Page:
Friday, October 26, 2012

Middle School Student Conversations

On a whim, I accepted a subbing assignment today at a middle school where I'd previously subbed extensively. I haven't been back there since last December, when, for budgetary reasons, I was fired from my position as a teaching assistant. I was a bit apprehensive about going back, since this was the place that was happy to have me there as a sub and a teaching assistant, but didn't hire me for an available English teacher position. I wasn't especially good at the job, and I got the distinct impression that the teacher under whom I worked didn't care for me. I went anyway, and I was glad I did - it was nice to see some familiar faces, and I do enjoy the kids at that school - but I was a bit nervous anyway. 

I like middle school-aged kids a lot: They're at the age where they're still silly, and they're open and curious about many of the adults in their lives. 

Two years ago, when I was subbing in a long-term assignment at the time Ed and I were engaged and planning our wedding, it came out that I was engaged. (The ring kinda gave it away.) Many of the kids, the girls especially, were curious, and the few times Ed would pick me up from school, he'd get spotted. (We had only one car at the time; he was working from home at the time so I took the car, unless he had a meeting or another obligation that necessitated his taking the car, in which case he'd drop me up and pick me up.) The next day I'd hear, "We saw you and your fiancee yesterday!" followed by a giggle.

But they also want desperately to be taken seriously and to figure out how to be adults, and want to know what it takes, and what it's like, to be an adult. They have specific ideas of what being an adult means and encompasses, and they compare their adults in their lives. Yet they lead a sheltered life in many ways. Or rather, some of them do, and others are beginning to see the world beyond their immediate families.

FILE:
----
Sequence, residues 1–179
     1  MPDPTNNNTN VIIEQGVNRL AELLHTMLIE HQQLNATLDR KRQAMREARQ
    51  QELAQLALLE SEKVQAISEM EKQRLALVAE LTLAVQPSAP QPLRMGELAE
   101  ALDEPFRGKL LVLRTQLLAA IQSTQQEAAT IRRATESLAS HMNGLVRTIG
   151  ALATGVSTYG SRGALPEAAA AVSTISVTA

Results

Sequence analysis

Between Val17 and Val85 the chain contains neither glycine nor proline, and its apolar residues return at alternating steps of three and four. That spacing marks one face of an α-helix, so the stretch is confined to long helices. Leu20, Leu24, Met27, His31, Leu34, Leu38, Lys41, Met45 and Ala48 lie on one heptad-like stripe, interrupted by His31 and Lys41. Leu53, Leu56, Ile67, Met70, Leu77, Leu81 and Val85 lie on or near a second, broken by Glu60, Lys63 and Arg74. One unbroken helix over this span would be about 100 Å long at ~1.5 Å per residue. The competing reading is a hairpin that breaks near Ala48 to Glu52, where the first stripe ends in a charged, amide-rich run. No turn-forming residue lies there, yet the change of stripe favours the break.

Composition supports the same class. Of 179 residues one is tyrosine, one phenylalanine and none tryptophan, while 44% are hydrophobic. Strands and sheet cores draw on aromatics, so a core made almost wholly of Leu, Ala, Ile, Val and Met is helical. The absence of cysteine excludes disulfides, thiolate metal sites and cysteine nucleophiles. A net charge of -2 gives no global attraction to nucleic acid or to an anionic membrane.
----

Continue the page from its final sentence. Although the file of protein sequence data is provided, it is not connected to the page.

Some time back, one kid at a different school asked me how many kids I had; before I could say a word, another answered that just because I was married didn't mean I had kids. The first kid just couldn't wrap his head around that possibility, and nothing the second kid said could convince the first kid that not all married people had kids. (I said not a word throughout this entire exchange.)

In that student's world, every adult who's married also has kids, and he couldn't fathom a different world. He will, of course, and he wasn't trying to be rude, but since he's surrounded by other kids, at this moment in time it's quite possible that every married adult he's in contact with has several. (Folks here tend to have large families.)

In a simiar vein, I'm reminded of a conversation I had with some middle school kids some time back:

Student #1: [seeing my name written on the board]: Are you married?
Student #2: Of course she is, otherwise she wouldn't have written "Missus" next to her last name.
Student #1: What's your husband's name?
Me: Mister Szetela.
Student #1: .....
Student #2: Hah! What did you THINK she'd say?

Saturday, October 20, 2012

What the World Eats